So how do I actually pick a credit card?
Getting a bit overwhelmed with all the options out there? We totally get it. But picking a credit card that's right for you is easy once you narrow down your choices. Follow these easy steps if you find yourself getting lost or overwhelmed.
- Figure out what you want your credit card to do for you. Do you want to pay off your existing debt faster? Then you'll want to keep an eye out for a 0% interest balance transfer credit card. Looking to get extra perks in your life? Start investigating rewards credit cards. Once you figure out your number 1 goal, it'll make it a lot easier to filter out the cards that aren't serving that purpose.
- Decide how much you're willing to pay. Are you willing to spend a bit on your credit card to reap the rewards or do you want to keep things as cheap as chips? If you don't want to spend much, keep a close eye on annual fees and interest rates.
- Figure out which, if any, rewards you want to earn. If this is important to you, consider what rewards you want to be accruing. Maybe you're a Flybuys person or a Qantas Frequent Flyer. Whatever it is, make sure you filter this into your comparison.
- Be honest with yourself on how likely you are to pay in full. Be as realistic as possible. If you find yourself sometimes paying bills a little late or you know you may be strapped for cash down the line, be wary of cards with high interest rates. If possible, look for cards with a longer interest-free period.
- Draw a hard line on your dealbreakers. Need a card with Flybuys? Maybe you're not willing to budge on paying annual fees. Figure out your dealbreakers and make sure to consider them in your comparison. Our handy table above can help you filter what's important to you so you can find a card that suits you faster.
How to use a credit card (and avoid debt!)
Yes, a credit card is convenient, but it also comes with a risk of debt. We already know that if you don't pay off what you owe each month, you'll be charged interest, so here are 3 tips to help you stay on top of your payments and make the most of your credit card without getting into debt.
- Ask for a credit limit you know you can manage. Credit card companies determine your limit based on what you could "reasonably" afford to pay off over 3 years. But sometimes that means that they could give you access to thousands of dollars that you don't need to spend. Avoid temptation and request a specific credit limit when you apply.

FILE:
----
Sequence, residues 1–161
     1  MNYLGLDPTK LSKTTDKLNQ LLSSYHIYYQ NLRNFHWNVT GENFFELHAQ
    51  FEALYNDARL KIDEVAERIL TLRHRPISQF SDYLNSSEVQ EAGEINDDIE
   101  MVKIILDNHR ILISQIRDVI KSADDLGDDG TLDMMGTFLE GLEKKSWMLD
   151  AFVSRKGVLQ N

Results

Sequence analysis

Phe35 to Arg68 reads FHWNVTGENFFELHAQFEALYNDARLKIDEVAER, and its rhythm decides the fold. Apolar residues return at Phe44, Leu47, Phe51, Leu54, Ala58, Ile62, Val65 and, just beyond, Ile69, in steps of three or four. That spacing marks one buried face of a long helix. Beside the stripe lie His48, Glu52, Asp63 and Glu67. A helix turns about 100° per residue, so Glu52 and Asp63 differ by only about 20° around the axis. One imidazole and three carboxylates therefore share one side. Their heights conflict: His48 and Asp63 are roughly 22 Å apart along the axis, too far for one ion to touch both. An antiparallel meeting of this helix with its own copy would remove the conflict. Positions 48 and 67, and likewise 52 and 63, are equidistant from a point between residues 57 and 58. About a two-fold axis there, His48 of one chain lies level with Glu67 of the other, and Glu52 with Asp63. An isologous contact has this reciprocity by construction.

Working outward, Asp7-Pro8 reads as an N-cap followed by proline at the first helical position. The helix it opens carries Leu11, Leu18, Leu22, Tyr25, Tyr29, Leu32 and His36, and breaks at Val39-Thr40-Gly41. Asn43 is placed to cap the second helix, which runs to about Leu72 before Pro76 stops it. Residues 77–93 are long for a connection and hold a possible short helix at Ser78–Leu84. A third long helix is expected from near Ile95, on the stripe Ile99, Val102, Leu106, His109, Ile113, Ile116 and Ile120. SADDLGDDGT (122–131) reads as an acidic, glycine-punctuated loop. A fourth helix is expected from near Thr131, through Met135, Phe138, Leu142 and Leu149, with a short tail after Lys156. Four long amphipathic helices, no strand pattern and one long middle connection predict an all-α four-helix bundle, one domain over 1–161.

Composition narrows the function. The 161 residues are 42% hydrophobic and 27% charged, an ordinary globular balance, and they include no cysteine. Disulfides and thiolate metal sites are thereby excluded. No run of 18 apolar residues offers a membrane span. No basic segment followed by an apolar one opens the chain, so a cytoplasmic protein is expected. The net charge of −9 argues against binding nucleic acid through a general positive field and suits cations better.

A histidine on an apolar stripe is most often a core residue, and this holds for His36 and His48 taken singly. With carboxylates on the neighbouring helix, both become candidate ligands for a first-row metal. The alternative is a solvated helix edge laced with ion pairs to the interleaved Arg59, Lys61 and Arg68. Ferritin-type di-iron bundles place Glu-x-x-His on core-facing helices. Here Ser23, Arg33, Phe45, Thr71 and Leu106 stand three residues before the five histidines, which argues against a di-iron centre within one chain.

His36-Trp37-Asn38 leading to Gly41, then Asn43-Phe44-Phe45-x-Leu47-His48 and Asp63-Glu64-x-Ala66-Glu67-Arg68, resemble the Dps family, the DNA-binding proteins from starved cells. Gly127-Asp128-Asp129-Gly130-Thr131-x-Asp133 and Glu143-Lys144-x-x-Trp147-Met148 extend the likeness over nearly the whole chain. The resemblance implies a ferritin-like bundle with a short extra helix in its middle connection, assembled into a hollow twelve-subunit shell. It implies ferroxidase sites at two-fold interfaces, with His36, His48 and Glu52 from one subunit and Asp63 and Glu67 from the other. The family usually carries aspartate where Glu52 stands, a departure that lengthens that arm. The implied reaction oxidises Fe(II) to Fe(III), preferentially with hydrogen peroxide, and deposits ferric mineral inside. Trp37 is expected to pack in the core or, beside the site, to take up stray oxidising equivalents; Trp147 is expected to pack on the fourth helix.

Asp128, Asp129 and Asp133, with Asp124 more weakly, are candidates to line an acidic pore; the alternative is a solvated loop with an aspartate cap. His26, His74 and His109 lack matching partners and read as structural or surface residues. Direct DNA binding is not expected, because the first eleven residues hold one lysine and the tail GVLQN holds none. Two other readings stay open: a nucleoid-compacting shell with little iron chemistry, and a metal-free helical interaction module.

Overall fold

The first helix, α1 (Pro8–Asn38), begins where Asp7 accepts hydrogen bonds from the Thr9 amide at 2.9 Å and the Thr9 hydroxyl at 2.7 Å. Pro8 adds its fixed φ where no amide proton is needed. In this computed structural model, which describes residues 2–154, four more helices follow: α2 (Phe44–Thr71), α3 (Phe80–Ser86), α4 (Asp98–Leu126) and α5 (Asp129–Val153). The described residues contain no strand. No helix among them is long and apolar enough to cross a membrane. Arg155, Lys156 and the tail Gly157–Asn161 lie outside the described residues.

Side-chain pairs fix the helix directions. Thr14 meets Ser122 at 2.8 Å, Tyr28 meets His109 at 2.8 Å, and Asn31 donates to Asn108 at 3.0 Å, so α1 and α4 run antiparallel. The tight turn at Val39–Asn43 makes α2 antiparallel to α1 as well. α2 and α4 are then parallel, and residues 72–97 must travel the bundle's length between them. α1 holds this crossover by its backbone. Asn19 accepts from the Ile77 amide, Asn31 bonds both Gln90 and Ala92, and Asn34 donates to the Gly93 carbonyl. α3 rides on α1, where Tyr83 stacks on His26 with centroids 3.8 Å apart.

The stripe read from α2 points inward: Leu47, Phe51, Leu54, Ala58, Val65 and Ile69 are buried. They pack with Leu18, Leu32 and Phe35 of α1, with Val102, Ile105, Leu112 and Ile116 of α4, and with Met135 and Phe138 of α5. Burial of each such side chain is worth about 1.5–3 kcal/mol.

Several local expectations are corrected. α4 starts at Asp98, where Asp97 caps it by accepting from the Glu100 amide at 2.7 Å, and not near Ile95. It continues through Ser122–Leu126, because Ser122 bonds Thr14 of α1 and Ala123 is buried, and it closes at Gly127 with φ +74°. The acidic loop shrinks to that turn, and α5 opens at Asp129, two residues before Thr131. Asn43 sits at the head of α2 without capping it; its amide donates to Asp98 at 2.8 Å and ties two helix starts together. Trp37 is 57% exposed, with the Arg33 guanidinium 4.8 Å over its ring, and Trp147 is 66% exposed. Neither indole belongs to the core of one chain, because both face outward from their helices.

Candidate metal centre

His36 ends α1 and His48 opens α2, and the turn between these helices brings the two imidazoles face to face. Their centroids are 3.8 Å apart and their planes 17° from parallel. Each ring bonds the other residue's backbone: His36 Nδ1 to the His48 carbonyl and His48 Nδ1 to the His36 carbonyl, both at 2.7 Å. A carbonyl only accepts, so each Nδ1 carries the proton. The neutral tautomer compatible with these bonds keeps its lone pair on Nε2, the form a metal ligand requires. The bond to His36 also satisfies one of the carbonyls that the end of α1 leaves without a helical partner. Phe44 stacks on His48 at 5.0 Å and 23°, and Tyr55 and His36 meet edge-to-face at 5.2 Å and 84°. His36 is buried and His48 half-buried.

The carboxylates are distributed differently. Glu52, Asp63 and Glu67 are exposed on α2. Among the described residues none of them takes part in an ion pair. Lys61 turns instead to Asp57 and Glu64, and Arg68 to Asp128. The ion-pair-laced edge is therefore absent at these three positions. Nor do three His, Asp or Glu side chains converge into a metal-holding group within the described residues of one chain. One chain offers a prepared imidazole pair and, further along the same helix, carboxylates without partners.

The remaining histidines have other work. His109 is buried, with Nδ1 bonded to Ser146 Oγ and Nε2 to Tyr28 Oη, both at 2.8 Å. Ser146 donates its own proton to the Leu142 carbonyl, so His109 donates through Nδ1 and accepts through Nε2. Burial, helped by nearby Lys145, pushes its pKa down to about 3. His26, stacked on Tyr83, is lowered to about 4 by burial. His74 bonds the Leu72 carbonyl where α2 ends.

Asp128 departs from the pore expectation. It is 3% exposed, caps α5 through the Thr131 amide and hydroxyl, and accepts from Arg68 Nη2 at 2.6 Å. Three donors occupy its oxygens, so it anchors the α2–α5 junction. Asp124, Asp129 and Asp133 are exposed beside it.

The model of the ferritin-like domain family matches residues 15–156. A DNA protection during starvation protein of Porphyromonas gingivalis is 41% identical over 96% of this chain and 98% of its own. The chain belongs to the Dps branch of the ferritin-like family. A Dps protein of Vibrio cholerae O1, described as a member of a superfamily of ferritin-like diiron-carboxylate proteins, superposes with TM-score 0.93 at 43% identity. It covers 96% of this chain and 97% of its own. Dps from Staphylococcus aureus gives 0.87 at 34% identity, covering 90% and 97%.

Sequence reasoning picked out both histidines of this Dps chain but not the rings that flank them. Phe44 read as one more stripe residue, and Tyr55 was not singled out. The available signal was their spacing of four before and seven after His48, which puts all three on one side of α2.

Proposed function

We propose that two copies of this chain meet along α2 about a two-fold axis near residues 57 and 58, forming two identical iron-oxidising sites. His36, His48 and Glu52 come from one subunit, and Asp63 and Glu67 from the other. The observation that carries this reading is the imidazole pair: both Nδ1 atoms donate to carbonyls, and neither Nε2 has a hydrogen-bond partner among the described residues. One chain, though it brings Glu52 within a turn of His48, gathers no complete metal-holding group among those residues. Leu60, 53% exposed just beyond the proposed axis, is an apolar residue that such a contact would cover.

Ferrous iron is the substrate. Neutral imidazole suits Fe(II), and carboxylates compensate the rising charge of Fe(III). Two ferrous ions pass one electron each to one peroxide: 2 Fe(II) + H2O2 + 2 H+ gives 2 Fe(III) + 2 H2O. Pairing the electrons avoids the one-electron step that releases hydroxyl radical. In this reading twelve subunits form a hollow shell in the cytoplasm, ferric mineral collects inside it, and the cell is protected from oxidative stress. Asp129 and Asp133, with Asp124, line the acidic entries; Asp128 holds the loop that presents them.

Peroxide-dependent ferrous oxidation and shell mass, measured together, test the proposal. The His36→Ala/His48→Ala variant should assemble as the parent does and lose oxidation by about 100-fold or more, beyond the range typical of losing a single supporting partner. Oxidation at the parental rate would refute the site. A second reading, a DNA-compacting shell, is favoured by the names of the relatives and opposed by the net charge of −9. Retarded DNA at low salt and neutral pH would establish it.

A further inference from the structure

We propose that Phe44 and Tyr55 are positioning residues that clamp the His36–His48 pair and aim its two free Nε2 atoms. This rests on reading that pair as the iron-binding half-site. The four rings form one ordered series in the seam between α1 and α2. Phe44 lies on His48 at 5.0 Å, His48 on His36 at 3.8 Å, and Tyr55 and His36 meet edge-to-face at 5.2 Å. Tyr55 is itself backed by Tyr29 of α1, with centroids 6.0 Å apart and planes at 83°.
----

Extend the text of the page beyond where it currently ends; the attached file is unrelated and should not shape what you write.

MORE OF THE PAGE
- Plan your repayments. Each month you'll get a statement that tells you how much money you owe, the bare minimum you need to repay and a payment due date. Make sure you set a reminder in your calendar each month, or better yet, set up automated payments each month. That way, you'll never forget and you won't be hit with unnecessary fees. You can also check out our handy repayment calculator to help you.
- Get help if you need it. If you're struggling with your credit card, call your bank or provider to see what support is available. You can also get free financial advice by calling the National Debt Helpline on 1800 007 007.
Money saving tips
Back to top
- Pay more than the minimum. Making only the minimum repayment means you'll be paying more interest over a longer period of time. Increasing your monthly payment amount will increase the amount of your repayment going towards the actual balance rather than the interest. For example, on a balance of $1,000 with an interest rate of 18.5% and minimum repayments of 2% of the balance, you'll pay your debt off in just over 8 years. Your debt will also increase to $1,924 because of interest. If you bumped up your repayments to only $50 a month this debt would be paid off in 2 years and only cost a total of $1,183, saving you 6 years of payments and $741.
- Take the right card when you travel. Australian credit cards used overseas will incur foreign transaction fees on purchases and cash advances, and additional fees when withdrawing money from ATMs. That's on top of the usual interest charges. There are credit cards that offer 0% foreign currency conversion fees so consider one of those before travelling if you know you'll be spending a lot on credit.
- Understand cash advance transactions and minimise them. Any transaction that's considered a cash advance will be charged the cash advance fee (usually around 3%) and the cash advance interest rate (usually around 22% p.a.) from the day they are made. Cash advances include ATM withdrawals, gambling transactions and BPAY payments where the biller does not accept credit card payments.
- If you have existing debt, consider a balance transfer credit card. A balance transfer card offers a low or zero percent promotional rate to those who transfer their existing credit card balances over to a new credit card. The rate usually lasts from 6 to 24 months and allows you to make more progress paying off your balance without high interest charges. There are specific eligibility criteria for these cards, so make sure you read the fine print before you apply.